Showing posts with label #giveaway. Show all posts
Showing posts with label #giveaway. Show all posts

Sunday, January 7, 2018

A Warm Welcome to Guest Barb Ross

Oven-Roasted Beer Can Chicken with Potatoes from Stowed Away

Stowed Away, the sixth Maine Clambake Mystery, was released last week. To celebrate, I’m giving away a copy of the mass market paperback to two lucky commenters below.

Beer can chicken is most often made on a barbecue grill, but with one-third of the country in a deep freeze, I thought you might appreciate this oven-roasted version. Along with the fingerling potatoes, it makes the basis of a hearty winter meal.

In Stowed Away, Julia Snowden’s sister Livvie makes this dinner when their mother calls an impromptu family meeting. It’s a quick meal that pleases any crowd. While Livvie cooks it using an actual beer can, you can purchase a device called a beer can chicken holder from almost any kitchenware vendor.

Ingredients for the chicken:

1 whole chicken, 4 – 4-1/2 pounds
12-ounce beer can--any brand you have on hand will do
olive oil for rubbing over the chicken
Livvie’s rub for the chicken (or substitute your own rub)

Livvie used the following ingredients for the rub:

2 Tablespoons kosher salt
1/2 Tablespoon black pepper
1 Tablespoon paprika
1 Tablespoon dried oregano
1/2 Tablespoon ground coriander
1/2 Tablespoon garlic powder
1/2 Tablespoon onion powder
1/2 Tablespoon cumin
1 teaspoon jalapeno powder (optional)
1/2 teaspoon lemon zest
1/2 teaspoon lime zest


Preheat oven and sheet pan to 400 degrees. Stir together rub ingredients. Rinse chicken and pat dry. Rub chicken all over, inside and out, with olive oil. Rub chicken all over, inside and out, with the rub mix. Open beer can and pour out or drink 4 ounces, leaving 8 ounces in the can. Stand chicken on beer can by placing the neck over the can. Place on a rimmed baking sheet. Roast in oven for 1 hour.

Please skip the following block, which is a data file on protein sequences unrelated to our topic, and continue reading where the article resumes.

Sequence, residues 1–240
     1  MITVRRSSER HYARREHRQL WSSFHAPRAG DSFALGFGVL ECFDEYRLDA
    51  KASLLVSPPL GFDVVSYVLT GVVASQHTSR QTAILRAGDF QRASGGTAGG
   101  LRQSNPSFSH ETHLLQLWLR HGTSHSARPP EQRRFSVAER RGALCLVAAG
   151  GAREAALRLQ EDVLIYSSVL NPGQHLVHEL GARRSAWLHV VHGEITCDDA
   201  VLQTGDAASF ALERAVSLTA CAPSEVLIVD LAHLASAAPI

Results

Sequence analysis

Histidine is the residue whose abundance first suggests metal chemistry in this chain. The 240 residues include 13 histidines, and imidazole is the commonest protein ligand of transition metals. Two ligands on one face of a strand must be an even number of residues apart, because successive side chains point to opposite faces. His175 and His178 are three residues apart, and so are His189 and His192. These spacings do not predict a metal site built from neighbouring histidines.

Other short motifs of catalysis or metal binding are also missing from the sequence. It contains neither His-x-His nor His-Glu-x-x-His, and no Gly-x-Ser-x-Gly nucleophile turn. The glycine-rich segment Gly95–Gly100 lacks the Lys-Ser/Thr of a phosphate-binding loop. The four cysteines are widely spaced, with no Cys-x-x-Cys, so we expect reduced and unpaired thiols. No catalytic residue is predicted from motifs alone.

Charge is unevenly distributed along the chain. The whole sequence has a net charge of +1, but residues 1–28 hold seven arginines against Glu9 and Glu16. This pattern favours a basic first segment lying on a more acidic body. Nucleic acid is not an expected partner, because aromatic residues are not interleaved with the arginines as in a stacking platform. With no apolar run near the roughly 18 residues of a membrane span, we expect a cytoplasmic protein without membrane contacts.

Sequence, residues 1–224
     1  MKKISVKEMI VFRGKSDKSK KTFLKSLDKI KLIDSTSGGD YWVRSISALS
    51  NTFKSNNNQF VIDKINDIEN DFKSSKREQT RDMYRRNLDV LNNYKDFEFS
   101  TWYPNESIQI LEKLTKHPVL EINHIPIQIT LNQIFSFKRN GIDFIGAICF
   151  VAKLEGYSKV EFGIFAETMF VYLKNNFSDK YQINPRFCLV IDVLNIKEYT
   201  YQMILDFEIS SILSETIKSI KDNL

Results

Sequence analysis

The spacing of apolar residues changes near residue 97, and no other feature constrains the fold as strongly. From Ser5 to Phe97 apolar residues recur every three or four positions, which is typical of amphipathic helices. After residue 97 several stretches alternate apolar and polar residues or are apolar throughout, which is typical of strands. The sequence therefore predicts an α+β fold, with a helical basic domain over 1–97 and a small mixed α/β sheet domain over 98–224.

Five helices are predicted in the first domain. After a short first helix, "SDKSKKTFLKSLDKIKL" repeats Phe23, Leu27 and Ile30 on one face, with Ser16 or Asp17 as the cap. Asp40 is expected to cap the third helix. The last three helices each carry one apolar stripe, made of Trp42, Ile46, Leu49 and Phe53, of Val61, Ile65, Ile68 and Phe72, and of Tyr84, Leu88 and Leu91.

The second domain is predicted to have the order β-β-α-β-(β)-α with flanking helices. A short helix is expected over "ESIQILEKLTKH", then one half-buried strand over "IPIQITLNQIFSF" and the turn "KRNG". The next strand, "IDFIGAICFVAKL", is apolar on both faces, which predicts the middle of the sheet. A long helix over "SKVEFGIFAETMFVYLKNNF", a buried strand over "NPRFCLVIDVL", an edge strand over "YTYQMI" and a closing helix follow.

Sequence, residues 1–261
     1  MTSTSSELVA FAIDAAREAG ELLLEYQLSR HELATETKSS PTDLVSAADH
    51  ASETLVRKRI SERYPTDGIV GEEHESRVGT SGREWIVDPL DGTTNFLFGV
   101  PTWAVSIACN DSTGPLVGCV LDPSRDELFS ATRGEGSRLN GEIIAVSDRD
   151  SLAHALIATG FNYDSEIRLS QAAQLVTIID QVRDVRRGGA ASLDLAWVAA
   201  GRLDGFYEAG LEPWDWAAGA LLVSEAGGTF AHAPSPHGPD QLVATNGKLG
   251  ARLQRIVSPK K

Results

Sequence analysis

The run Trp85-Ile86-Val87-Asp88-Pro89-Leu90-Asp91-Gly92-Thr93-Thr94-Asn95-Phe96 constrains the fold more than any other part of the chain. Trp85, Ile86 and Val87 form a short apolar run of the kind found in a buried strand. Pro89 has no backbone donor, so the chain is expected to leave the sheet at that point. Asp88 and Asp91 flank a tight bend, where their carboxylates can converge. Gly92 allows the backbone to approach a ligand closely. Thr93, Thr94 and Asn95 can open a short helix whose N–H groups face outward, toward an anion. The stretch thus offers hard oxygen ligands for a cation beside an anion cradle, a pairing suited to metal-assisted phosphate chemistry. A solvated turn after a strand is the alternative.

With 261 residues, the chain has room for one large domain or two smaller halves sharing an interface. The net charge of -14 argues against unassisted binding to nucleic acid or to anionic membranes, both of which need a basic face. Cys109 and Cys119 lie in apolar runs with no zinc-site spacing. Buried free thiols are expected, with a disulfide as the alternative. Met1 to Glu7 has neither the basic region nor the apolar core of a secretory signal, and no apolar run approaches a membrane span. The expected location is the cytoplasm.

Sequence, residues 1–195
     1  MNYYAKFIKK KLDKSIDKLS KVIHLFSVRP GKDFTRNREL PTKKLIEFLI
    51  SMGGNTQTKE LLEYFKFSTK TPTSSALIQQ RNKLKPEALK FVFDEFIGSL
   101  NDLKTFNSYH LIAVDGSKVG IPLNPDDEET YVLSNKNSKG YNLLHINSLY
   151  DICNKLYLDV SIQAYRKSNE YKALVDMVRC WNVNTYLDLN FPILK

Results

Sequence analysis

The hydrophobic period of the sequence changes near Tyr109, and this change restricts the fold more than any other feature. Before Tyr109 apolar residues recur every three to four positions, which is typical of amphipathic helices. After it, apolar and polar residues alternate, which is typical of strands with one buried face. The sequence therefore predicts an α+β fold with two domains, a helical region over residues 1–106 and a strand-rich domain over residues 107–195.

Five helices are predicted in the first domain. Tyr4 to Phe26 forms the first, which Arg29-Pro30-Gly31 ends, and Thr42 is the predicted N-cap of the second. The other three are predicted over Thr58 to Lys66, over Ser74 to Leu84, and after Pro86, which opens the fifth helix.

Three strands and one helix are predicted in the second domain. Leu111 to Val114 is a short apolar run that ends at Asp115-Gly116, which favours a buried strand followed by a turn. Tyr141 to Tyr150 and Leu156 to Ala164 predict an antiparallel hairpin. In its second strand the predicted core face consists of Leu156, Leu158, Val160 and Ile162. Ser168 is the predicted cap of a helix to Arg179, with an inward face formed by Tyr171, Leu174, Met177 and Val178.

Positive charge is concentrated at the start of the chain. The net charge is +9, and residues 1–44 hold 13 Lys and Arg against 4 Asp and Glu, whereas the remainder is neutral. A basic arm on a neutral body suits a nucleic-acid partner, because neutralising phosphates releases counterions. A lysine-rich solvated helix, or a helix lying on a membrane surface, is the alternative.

Ingredients for the potatoes:

2 – 2-1/2 pounds fingerling potatoes
olive oil
black pepper
dried oregano
2 Tablespoons chopped fresh cilantro


Cut potatoes into 1/2-inch pieces. Toss with olive oil and seasonings. When chicken is done, remove from baking sheet pan and place on platter. Toss potatoes with drippings left in sheet pan and roast 20 to 25 minutes.

Serves 6 to 8.

About Stowed Away

It’s June in Busman’s Harbor, Maine, and Julia Snowden and her family are working hard to get their authentic Maine clambake business ready for summer. Preparations must be put on hold, however, when a mysterious yacht drops anchor in the harbor—and delivers an unexpected dose of murder . . .
When Julia’s old prep school rival Wyatt Jayne invites her to dinner on board her billionaire fiancé’s decked-out yacht, Julia arrives to find a sumptuous table set for two—and the yachtsman dead in his chair. Suspicion quickly falls on Wyatt, and Julia’s quest to dredge up the truth leads her into the murky private world of a mega-rich recluse who may not have been all that he seemed . . .


Barbara Ross is the author of six Maine Clambake Mysteries: Clammed Up, Boiled Over, Musseled Out, Fogged Inn, Iced Under and Stowed Away. Her books have been nominated for multiple Agatha Awards for Best Contemporary Novel, and RT Books Reviewer’s Choice Awards, as well as the Maine Literary Award for Crime Fiction. She blogs with a wonderful group of Maine mystery authors at Maine Crime Writers and with a group of writers of New England-based cozy mysteries at Wicked Cozy Authors. In the summer, Barbara writes on the big front porch of the former Seafarer Inn at the head of the harbor in Boothbay Harbor, Maine.

Find Stowed Away at:

Leave a comment and Barb will pick two winners of a copy of Stowed Away!

Friday, December 15, 2017

Christmas Salad

Christmas salad? Really? Isn't this the wrong season? Well, it is red and green and white, and I have an excuse—a new toy. Meet my spiralizer.

It all started in Skibbereen a couple of weeks ago, when we had lunch at the café attached to the West Cork Arts Center. Those nice people were responsible for the amazing red (beet and carrot) soup I wrote about here a while back. They make good food there, including desserts, which of course we had to investigate thoroughly.

They had a beet salad on the menu. Have I mentioned before that I don’t like beets? Well, I’ll have to edit that opinion: I don’t like the gummy sweet kind my mother used to serve. But the simple raw version is growing on me, so I tried the salad.